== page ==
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UK set for peak inflation among G7 in 2024-2025 – OECD

February 8, 2024

New forecasts suggest Britain will experience the highest inflation among G7 nations in 2024 and 2025, despite a slower rise in living costs.

The Organisation for Economic Co-operation and Development (OECD) has adjusted its projections for headline inflation in the UK, now anticipating averages of 2.8% in 2024 and 2.4% in 2025. These figures represent a slight downward revision from the previous forecasts of 2.9% and 2.5% respectively, as reported in November.

But this would still see the UK suffer the highest level of inflation of all the G7 countries in both 2024 and 2025.

In 2024, it is predicting UK inflation to be above Canada at 2.6%, France at 2.7%, Germany at 2.6%, Italy at 1.8%, Japan at 2.6% and the United States at 2.2%.

And while the OECD said inflation is projected to be back to target across most G20 countries by the end of next year, it warned over the risk to inflation globally from geopolitical tensions and the Red Sea shipping disruption.

It also downgraded its UK growth forecast for 2023 to 0.3% from 0.5% previously predicted in November, but held firm on its forecasts for Britain’s gross domestic product (GDP) to expand by 0.7% in 2024 and 1.2% in 2025.

The OECD said central banks could start to lower interest rates in 2024 and sooner than it had predicted in November, although it warned that monetary policy must be “prudent”.

It added that it is “too soon to be sure that underlying price pressures are fully contained”.

OECD secretary-general Mathias Cormann said: “Monetary policy needs to remain prudent, though central banks could start to lower interest rates this year, provided that inflation continues to ease.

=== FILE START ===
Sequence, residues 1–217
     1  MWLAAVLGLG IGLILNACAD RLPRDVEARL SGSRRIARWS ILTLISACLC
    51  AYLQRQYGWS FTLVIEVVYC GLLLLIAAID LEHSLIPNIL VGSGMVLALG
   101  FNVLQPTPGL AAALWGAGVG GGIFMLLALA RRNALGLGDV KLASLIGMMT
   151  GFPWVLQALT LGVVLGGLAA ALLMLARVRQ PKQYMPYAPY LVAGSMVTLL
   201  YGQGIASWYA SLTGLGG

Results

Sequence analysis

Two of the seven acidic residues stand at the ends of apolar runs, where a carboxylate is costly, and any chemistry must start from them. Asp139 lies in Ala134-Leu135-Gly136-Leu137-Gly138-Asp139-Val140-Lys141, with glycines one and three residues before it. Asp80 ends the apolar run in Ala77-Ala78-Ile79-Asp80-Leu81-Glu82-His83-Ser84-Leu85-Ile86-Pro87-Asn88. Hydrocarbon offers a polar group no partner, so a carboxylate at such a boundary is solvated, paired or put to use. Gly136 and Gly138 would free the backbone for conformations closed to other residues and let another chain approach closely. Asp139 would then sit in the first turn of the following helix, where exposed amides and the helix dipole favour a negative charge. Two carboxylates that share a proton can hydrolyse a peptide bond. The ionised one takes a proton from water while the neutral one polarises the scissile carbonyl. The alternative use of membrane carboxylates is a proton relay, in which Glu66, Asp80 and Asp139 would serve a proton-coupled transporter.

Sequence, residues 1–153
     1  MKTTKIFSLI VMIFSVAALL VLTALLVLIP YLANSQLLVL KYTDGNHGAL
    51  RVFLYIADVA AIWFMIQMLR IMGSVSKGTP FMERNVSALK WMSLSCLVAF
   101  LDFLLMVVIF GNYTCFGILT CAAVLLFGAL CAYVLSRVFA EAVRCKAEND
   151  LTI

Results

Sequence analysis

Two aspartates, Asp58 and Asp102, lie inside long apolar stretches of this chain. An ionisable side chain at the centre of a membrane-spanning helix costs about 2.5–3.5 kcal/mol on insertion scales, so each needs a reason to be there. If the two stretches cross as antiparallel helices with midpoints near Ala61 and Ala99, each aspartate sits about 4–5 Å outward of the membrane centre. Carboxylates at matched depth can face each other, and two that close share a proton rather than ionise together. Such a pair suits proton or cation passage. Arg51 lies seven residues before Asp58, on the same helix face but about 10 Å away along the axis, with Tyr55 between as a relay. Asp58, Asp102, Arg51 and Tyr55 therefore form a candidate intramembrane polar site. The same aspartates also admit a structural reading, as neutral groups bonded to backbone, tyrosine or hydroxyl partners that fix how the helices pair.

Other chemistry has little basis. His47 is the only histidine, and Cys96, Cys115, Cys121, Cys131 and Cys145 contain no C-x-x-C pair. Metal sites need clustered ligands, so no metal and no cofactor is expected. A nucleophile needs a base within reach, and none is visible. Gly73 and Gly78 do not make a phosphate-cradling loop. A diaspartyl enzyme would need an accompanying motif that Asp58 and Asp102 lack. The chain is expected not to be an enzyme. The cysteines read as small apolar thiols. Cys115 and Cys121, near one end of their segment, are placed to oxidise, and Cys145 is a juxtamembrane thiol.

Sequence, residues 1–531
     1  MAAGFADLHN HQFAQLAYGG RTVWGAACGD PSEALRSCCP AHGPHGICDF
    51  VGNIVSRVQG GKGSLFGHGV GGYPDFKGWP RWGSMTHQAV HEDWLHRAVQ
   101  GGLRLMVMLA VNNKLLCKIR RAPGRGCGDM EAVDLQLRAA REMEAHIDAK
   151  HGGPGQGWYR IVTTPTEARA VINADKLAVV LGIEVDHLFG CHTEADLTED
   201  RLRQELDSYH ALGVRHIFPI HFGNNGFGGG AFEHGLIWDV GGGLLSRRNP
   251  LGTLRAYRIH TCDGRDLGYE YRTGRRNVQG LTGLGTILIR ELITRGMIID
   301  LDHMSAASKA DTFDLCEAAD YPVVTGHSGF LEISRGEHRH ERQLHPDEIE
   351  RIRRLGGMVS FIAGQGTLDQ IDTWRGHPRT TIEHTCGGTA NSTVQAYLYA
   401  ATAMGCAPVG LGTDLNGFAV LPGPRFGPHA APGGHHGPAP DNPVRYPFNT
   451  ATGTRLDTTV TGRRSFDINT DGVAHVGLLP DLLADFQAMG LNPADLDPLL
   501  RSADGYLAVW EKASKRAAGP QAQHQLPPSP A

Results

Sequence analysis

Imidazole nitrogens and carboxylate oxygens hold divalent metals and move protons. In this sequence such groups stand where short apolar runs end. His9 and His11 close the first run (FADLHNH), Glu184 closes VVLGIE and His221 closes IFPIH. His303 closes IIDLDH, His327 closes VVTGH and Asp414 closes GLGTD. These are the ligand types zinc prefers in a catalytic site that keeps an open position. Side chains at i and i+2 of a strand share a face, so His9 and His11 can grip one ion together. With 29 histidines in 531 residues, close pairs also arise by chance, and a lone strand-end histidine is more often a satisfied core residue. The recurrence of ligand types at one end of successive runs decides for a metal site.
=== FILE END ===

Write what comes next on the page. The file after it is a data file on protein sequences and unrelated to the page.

The organisation flagged concerns over the Israel-Gaza conflict and attacks on ships in the Red Sea by Houthi rebels, which has seen US and UK forces respond with strikes against the rebels.

“High geopolitical tensions are a significant near-term risk to activity and inflation, particularly if the conflict in the Middle East were to disrupt energy markets,” it said.

“A widening or escalation of the conflict could disrupt shipping more extensively than presently expected, intensify supply bottlenecks, and push up energy prices if traffic is interrupted in the key routes for the transport of oil and gas from the Middle East to Asia, Europe and the Americas,” it added.

The Bank of England last week also flagged worries over the Red Sea attacks in affecting the outlook for inflation, though it said the impact to the UK has so far been small.

The Bank signalled on Thursday as it kept interest rates at 5.25% that it could start thinking about cutting borrowing costs this year, though it also stressed the job of reining in inflation is not done.

In its latest report, the OECD said global central bank policies “should remain restrictive for some time to come”, suggesting that policymakers should not cut rates too quickly or too far.

Its growth forecasts see the UK with the joint third weakest expansion of the G7 countries, falling far short of the 2.1% pencilled in for the US.

Germany is set for the weakest expansion in the G7 this year, at just 0.3%, followed by France at 0.6% and then both the UK and Italy at 0.7%, according to the OECD.

Source: The Standard
Image: The Astana Times, iExpats